And so it came about that Arthur, in his courteous way, escorted Martha through the throng of picnickers, found a seat for her at the table, and waited on her with that deference that seems to come so easy to the well-bred young Englishman.

Arthur was an open-hearted young fellow, and finding Martha very sympathetic, told her about his plans. Thursa was coming from England in December to marry him, and he was going to have a house put up just as soon as the harvest was over. His father had sent him the money, and so he was not depending entirely on the harvest. He showed her the plan of the house and consulted her on the best position for the cellar door and the best sort of cistern. He showed her a new photo of Thursa that he had just received. She was a fluffy-haired little thing in a much befrilled dress, holding a fan coquettishly behind her head. Martha noticed how fondly he looked at it, and for a moment a shivering sense of disappointment smote her heart. But she resolutely put it from her and feasted her eyes on the lovelight in his, even though she knew it was the face of another woman that had kindled it.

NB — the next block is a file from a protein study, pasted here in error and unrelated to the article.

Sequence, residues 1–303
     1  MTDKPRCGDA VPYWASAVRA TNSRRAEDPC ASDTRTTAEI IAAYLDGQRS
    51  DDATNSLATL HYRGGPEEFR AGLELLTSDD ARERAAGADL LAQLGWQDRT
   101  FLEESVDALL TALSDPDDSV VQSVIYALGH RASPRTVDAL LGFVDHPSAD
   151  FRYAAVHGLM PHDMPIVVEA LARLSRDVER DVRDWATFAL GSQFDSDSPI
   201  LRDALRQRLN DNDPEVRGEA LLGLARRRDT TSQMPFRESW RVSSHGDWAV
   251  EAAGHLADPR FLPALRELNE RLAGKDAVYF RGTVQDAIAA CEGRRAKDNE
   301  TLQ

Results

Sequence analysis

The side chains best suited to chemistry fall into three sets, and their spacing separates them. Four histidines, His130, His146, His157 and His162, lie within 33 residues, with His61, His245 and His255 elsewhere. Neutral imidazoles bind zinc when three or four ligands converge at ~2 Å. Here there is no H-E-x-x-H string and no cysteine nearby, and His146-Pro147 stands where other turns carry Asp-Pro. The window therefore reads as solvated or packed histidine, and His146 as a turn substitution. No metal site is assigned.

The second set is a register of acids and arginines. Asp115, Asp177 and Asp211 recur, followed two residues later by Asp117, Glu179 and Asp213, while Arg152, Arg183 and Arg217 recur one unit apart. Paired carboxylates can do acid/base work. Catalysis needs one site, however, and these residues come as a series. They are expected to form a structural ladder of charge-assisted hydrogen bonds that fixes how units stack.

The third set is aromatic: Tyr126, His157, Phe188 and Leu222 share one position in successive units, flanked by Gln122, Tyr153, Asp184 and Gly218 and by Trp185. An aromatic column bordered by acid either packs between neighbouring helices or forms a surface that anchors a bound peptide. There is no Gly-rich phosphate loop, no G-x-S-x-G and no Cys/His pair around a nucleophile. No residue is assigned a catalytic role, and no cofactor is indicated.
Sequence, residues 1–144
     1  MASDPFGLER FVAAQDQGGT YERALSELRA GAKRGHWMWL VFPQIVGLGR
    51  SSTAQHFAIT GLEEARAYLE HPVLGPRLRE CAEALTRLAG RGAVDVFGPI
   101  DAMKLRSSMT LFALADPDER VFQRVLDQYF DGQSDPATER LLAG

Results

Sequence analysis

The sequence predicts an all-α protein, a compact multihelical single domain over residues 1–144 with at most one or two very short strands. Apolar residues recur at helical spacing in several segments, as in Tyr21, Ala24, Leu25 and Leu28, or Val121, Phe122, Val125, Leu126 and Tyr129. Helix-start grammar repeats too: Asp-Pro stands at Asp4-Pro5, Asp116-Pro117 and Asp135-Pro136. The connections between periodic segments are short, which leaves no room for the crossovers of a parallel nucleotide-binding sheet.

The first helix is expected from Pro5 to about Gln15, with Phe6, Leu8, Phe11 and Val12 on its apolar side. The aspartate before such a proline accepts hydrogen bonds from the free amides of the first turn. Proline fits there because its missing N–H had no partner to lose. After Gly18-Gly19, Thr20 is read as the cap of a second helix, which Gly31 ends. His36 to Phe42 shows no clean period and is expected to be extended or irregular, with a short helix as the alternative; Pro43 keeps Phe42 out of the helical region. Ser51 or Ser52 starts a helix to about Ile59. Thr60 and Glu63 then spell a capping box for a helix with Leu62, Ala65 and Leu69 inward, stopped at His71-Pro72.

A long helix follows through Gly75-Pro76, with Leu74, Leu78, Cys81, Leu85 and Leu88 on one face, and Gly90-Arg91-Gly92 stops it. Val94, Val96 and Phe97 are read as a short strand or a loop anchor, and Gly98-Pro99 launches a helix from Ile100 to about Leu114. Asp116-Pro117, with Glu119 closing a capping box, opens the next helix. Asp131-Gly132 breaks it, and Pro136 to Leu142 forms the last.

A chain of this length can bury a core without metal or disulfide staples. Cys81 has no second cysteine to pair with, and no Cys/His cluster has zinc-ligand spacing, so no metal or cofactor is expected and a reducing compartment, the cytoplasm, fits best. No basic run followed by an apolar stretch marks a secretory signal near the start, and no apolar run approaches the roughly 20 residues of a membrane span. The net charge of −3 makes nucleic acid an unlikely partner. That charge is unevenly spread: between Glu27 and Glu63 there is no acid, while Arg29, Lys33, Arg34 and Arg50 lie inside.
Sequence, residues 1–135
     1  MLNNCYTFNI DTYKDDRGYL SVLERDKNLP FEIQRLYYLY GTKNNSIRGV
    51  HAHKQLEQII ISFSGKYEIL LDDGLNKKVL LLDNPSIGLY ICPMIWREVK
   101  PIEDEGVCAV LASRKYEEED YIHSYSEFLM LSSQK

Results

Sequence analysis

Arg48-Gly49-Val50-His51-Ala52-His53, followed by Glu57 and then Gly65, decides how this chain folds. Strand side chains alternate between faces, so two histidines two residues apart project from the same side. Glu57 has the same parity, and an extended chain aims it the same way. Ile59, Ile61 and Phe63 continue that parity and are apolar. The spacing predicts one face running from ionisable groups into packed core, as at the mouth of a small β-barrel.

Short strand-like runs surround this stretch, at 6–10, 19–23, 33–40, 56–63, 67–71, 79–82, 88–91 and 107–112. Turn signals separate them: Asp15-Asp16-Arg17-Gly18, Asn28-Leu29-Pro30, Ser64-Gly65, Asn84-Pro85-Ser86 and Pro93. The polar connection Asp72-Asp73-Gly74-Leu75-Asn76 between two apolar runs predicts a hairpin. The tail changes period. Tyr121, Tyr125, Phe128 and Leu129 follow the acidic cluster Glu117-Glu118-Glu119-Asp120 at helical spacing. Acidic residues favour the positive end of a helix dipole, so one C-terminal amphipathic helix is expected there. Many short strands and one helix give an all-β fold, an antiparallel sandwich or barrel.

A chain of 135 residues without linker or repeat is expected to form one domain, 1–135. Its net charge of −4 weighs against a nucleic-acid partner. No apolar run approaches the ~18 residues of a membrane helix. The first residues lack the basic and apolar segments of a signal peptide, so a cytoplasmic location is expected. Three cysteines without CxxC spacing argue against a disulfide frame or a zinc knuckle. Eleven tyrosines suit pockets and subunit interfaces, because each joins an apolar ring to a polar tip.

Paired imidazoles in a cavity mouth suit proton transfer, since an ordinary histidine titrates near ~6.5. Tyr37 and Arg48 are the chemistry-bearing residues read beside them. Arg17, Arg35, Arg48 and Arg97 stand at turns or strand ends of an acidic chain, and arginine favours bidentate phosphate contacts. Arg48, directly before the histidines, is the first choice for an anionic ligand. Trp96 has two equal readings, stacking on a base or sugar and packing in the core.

Arthur was a wholesome-looking young man, with a beaming face of unaffected good-humour, and to Martha it seemed the greatest happiness just to be near him and hear his voice. She tried to forget everything save that he was here beside her, for this one dear sweet afternoon.

When the thought of Thursa's coming would intrude on her, or the bitterer thought still that she was only a plain, sunburnt, country girl, with rough hands and uncouth ways, she forced them away from her, even as you and I lie down again, and try to gather up the ravelled threads of a sweet dream, knowing well that it is only a dream and that waking time is drawing near, but holding it close to our hearts as long as we can.